Follow me!

‘Follow me!’ You would need to be full of confidence, perhaps like St Paul, to say that to another! I once committed myself to another’s lead on a mountain side when we were lost. But what happens when someone you trust let’s you down? I had trust, appreciation and admiration for the first leader of this country for twenty years (from 1974). But then, in 1995, my trust crumbled. I felt let down.

Now it has happened again. Someone, whose compassion for people with disabilities made him a star for thousands who followed his example, has been found to be a weak fragile human being. I was one of those who was deeply inspired by Jean Vanier and, like so many, became involved in the work he began. Now it turns out that he was leading a double life: announcing the ‘good news to the poor’ on the one hand and exploiting vulnerable young women on the other. Jean was such an influential person that the organisation he founded commissioned an inquiry involving experts from many professions to study the evidence and make their judgement.

Those of us who hoped for some soothing conclusion that would somehow diminish the impact of the revelations are not only disappointed but now know the situation is much worse than we feared. We are prepared, perhaps, for a political leader to dash our hopes. But it is harder when a man, seemingly embedded in the gospel, proves to be quite other than we thought.  (The work he founded, l’Arche, is untainted by his behaviour and lives by its own, often heroic, values).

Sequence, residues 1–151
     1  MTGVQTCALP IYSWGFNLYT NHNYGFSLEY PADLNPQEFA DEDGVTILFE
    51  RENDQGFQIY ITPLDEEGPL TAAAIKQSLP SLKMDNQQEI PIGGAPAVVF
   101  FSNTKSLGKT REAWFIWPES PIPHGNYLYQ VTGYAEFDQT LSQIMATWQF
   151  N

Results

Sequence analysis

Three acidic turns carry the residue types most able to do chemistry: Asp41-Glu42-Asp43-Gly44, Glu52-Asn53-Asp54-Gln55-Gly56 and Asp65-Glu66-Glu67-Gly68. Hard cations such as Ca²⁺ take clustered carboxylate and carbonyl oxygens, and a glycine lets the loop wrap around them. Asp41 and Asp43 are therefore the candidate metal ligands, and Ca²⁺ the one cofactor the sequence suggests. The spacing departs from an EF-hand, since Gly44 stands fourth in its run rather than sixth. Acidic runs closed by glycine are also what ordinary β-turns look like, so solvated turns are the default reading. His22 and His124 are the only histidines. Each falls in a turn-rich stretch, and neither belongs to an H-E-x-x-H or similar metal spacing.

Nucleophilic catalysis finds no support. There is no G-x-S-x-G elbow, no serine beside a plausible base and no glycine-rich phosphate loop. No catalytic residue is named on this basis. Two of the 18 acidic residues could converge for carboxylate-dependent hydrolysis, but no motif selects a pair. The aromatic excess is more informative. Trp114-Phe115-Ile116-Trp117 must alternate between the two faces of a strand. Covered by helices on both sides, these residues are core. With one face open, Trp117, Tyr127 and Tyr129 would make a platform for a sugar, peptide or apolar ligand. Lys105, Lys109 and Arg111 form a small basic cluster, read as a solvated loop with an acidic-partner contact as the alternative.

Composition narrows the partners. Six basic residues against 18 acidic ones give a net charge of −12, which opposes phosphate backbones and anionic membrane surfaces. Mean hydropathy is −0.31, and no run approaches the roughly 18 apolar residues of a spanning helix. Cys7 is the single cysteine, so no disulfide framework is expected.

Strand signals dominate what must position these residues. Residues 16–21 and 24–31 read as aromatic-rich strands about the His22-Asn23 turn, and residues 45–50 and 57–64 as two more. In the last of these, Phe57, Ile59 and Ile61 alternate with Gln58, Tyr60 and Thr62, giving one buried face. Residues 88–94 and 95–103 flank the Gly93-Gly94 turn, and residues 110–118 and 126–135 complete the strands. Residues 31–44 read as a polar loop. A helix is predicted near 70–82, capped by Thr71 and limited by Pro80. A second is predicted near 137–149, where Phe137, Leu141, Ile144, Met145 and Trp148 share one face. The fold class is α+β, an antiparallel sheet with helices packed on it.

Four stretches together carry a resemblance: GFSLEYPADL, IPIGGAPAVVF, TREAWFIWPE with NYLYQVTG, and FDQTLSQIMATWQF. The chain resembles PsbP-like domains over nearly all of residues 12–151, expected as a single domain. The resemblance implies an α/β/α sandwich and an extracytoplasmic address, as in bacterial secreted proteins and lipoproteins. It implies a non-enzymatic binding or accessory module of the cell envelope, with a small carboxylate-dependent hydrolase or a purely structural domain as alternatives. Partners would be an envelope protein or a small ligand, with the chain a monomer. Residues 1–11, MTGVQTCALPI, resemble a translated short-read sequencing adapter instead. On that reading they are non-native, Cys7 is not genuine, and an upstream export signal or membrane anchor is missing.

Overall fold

What do we do when we feel let down? Get angry? Start blaming? Become cynical? All these. But they don’t help. In the end we have to reflect; was I transferring my ideals onto another, allowing that person to carry the crown I am too scared to wear? Was I allowing another person to be my hero because I had not the courage to be a hero myself? Have I hid in another’s shadow, content to bask in their glory while evading the responsibility of cultivating my own?

When Jesus said, ‘you are the salt of the earth, you are the light of the world’, he was talking to each of us – not to our leaders. We are, each of us, individuals, responsible for our own choices. These people I mention were human beings, tainted by their own unprocessed lusts. Despite their gifts, they could not cope. In the end they let us down. Instead of getting angry with them for failing, can I try to embrace the struggle of being ‘salt’ and ‘light’ myself?

5 February 2023     Sunday 5A   Is 57:7-10     I Cor 2:1-5   Mt 5:13-16

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